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Sample Topic: Asthma

Asthma : Last revised in December 2013

Evidence on inhaled beta2-agonists

Most studies of inhaled beta2-agonists were done in Accident and Emergency departments and involved monitoring people over 1–6 hours; the findings are therefore difficult to generalize to primary care. However, continuous beta2-agonist treatment or the addition of ipratropium bromide appears to reduce the number of people hospitalized with a severe asthma exacerbation:

  • Beta2-agonist dose and frequency:
    • A randomized controlled trial (RCT, n = 100) in adults with acute asthma showed that six sprays of salbutamol via a metered-dose inhaler every 60 minutes was safe and effective, but some people who did not respond initially may benefit from treatment 30 minutes after the first inhalation. Treatment intervals of 60 minutes (compared with 30 minutes or 120 minutes) seemed to provide optimal results in most people, and hospitalization rates and adverse events did not differ [Karpel et al, 1997].
  • Beta2-agonists via a pressurized metered-dosed inhaler versus a nebulizer:
    • A systematic review (six RCTs, n = 491 children < 5 years of age) showed a metered-dose inhaler with a spacer to be more effective than a nebulizer. The children who received nebulizers had higher admission rates [Castro-Rodriguez and Rodrigo, 2004]. Children are less likely to have tachycardia and hypoxia when using a pressurized metered-dose inhaler with spacer compared with a nebulizer [SIGN and BTS, 2011].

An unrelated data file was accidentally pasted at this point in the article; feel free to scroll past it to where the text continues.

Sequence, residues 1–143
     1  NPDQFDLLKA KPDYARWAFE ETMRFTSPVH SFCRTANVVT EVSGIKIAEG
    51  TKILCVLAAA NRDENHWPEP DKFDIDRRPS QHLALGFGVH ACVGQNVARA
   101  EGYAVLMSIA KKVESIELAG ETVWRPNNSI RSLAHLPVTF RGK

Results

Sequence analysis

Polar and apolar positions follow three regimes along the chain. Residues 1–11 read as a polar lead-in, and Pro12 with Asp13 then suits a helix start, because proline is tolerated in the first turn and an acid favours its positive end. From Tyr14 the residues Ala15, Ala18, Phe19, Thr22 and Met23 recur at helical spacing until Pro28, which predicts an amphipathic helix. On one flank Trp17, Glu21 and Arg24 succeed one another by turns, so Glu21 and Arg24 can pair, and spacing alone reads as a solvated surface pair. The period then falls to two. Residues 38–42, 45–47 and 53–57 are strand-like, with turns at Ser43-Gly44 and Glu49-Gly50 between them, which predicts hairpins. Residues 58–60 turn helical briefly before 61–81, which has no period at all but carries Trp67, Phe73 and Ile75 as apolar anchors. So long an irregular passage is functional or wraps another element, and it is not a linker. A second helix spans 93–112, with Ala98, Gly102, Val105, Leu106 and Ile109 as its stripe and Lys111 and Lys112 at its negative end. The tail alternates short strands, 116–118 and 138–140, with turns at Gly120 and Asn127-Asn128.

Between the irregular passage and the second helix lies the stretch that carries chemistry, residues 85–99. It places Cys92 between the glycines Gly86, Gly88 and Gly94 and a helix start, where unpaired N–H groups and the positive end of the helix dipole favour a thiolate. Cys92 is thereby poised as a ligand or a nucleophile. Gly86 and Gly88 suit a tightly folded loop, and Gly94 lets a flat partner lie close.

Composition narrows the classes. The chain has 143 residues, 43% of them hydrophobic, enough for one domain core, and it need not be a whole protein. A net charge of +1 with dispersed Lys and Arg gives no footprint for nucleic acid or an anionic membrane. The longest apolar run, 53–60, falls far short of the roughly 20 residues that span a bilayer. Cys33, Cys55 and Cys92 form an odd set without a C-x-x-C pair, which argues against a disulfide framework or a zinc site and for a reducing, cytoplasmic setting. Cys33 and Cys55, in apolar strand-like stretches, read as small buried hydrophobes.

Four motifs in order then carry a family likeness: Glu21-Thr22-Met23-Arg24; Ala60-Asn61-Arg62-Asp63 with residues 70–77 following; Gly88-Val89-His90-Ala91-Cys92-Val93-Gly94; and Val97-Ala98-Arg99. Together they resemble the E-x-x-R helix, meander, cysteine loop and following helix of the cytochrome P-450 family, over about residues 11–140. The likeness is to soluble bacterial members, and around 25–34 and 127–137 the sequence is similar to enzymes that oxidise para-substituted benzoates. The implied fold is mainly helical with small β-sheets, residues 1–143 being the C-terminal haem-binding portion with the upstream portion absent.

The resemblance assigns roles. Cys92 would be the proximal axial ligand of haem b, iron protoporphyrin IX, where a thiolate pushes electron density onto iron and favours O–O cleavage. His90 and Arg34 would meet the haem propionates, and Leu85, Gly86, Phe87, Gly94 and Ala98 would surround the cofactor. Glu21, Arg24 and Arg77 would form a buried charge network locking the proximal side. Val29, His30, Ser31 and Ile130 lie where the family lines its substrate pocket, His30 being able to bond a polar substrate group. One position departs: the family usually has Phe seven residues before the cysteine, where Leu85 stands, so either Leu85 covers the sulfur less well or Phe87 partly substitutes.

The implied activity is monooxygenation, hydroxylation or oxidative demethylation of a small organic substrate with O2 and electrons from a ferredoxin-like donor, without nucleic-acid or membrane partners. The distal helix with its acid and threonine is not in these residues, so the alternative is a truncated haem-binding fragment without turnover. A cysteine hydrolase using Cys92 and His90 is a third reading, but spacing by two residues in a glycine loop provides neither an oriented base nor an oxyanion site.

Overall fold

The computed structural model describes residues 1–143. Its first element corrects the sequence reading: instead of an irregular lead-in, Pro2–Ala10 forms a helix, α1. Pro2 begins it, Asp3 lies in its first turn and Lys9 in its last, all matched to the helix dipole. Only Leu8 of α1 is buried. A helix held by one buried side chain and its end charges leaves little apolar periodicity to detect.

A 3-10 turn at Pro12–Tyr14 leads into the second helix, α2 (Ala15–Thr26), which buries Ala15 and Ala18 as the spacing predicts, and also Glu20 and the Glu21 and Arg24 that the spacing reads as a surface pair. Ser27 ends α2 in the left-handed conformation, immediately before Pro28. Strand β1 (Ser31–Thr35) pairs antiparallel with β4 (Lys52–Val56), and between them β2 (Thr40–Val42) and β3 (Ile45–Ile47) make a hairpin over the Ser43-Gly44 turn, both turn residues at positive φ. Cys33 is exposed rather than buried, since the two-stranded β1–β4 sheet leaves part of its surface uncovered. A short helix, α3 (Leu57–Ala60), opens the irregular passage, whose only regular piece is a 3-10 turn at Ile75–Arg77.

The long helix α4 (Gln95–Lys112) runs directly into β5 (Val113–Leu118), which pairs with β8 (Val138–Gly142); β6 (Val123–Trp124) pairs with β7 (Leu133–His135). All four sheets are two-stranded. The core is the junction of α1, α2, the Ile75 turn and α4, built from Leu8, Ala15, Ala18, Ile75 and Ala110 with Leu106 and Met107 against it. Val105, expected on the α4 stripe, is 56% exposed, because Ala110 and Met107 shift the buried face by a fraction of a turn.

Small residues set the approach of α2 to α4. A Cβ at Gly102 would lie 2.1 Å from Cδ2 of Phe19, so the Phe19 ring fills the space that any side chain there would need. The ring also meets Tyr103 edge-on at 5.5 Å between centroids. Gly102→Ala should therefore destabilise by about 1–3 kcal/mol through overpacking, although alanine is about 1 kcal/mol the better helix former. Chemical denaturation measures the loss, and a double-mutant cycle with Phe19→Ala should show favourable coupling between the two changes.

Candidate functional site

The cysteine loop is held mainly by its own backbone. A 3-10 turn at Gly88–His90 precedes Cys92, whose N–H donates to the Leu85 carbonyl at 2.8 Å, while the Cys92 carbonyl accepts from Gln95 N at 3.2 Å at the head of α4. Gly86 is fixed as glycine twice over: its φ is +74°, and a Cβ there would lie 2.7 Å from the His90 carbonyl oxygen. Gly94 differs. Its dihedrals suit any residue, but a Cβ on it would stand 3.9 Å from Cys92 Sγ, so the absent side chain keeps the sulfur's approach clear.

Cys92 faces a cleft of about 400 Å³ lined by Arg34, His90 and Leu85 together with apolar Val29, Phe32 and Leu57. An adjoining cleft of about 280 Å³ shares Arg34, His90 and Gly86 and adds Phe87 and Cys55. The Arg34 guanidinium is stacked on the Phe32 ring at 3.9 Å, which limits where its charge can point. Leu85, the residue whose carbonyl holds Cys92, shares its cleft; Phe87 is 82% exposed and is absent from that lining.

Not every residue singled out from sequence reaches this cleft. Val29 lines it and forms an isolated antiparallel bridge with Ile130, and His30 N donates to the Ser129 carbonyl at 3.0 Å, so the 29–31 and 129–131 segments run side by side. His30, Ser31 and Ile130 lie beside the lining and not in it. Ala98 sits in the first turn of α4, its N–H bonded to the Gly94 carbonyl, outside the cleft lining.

• Continuous versus intermittent beta2-agonists:
    • One systematic review (search date 2004, eight RCTs, n = 461) found that continuous nebulized beta2-agonists significantly reduce hospital admission compared with intermittent nebulized beta2-agonists, especially in people with severe airflow obstruction (RR 0.64, 95% CI 0.50 to 0.90). Adverse effects, such as heart rate and blood pressure elevation and tremor, did not differ between groups [Rodolfo et al, 2005].
  • Ipratropium bromide added to beta2-agonists:
    • Two systematic reviews and one subsequent RCT found that the addition of ipratropium bromide to beta2-agonists in acute severe asthma improves lung function and is likely to reduce hospital admission [Rodolfo et al, 2005].